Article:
The April meeting of the Cambridge Entomological Club will be held Tuesday, April 8 at 7:30 pm in Room 101 of the Museum of Comparative Zoology, Oxford Street, Cambridge. Professor William Leach will present a talk about the American Natural History Tradition.
If we want to understand why Americans started to collect and study butterflies in the 19th century, we must first understand the evolution of natural history itself. Originating in Europe and England, natural history acted as a language of interpretation and as a way of understanding nature that opened it up. It revealed to Americans what butterflies were all about and why they mattered and were worthy of study and reflection. By the 1870s a brilliant group of American butterfly men had emerged, their ideas forged within the heart of this tradition. They made a profound contribution to natural history, bringing to it a radical Darwinian analysis and a passion for life histories perhaps unrivaled by any of their contemporaries. This talk will examine the character of natural history in America between 1865 and 1885 and the way men such as William Henry Edwards, Benjamin Walsh, (former CEC president) Samuel Scudder, Herman Strecker, Augustus Radcliffe Grote (pictured below,) and William Doherty transformed and enriched it.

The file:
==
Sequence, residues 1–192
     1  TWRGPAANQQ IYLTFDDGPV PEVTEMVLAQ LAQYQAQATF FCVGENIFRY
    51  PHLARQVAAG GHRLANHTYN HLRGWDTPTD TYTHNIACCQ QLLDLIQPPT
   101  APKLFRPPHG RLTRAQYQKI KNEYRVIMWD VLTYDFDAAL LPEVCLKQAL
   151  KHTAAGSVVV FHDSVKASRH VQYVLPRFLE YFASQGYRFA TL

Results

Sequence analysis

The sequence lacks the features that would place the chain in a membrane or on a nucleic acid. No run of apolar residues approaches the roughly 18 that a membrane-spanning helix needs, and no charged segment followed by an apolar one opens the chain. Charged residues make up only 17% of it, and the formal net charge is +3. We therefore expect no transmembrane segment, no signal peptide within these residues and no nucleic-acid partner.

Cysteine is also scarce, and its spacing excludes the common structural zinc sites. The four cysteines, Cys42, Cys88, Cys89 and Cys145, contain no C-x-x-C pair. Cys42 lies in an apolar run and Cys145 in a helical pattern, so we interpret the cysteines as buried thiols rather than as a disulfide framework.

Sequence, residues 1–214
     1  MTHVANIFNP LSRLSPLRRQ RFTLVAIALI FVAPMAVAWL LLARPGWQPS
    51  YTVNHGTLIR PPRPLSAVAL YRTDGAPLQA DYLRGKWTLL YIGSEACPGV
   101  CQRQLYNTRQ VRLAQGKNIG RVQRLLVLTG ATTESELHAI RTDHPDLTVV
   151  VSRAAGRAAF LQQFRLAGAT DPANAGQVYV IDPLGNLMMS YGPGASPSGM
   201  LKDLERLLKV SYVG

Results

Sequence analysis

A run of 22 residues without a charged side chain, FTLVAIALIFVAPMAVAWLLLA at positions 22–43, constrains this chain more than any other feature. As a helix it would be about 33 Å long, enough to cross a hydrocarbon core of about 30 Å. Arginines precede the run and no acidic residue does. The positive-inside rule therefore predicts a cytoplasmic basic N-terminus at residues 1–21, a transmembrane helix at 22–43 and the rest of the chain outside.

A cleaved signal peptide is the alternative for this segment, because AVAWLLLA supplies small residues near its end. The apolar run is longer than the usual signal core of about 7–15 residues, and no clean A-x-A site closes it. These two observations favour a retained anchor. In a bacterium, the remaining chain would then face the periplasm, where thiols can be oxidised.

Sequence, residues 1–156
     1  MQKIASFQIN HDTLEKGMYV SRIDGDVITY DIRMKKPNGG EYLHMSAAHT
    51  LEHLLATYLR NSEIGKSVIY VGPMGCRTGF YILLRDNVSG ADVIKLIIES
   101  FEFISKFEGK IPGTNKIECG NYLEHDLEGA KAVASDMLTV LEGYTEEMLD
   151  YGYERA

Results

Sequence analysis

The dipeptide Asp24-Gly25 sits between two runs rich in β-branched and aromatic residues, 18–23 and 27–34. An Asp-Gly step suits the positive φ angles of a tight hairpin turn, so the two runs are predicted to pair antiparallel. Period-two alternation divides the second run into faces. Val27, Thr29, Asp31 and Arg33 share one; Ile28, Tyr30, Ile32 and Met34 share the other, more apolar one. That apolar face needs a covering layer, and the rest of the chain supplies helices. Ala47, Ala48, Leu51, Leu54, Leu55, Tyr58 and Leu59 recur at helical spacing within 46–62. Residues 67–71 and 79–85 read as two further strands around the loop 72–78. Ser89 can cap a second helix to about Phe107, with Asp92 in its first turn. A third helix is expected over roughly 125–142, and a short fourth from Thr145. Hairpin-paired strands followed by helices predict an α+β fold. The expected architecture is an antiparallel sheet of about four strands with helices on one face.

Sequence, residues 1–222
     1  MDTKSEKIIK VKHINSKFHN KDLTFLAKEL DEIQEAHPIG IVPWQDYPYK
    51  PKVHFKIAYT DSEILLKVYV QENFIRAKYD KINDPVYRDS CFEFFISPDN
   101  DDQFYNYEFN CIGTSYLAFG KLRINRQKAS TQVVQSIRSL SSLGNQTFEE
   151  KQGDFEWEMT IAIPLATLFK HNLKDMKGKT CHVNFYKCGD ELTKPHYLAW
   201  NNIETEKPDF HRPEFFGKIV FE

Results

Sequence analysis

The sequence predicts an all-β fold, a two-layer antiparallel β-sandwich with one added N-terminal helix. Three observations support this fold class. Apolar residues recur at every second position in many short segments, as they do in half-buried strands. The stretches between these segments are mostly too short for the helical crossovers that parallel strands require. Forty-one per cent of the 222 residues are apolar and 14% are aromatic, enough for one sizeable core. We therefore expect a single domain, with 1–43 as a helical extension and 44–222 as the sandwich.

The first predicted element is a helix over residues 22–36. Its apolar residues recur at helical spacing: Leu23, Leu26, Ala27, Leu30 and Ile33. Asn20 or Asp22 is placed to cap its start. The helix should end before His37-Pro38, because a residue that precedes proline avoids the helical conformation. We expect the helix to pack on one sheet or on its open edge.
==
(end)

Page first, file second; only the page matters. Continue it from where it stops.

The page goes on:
The meeting is free and open to the public. Snacks will be provided and you are also welcome to join us at 6:00 PM for an informal pre-meeting dinner at the Cambridge Common.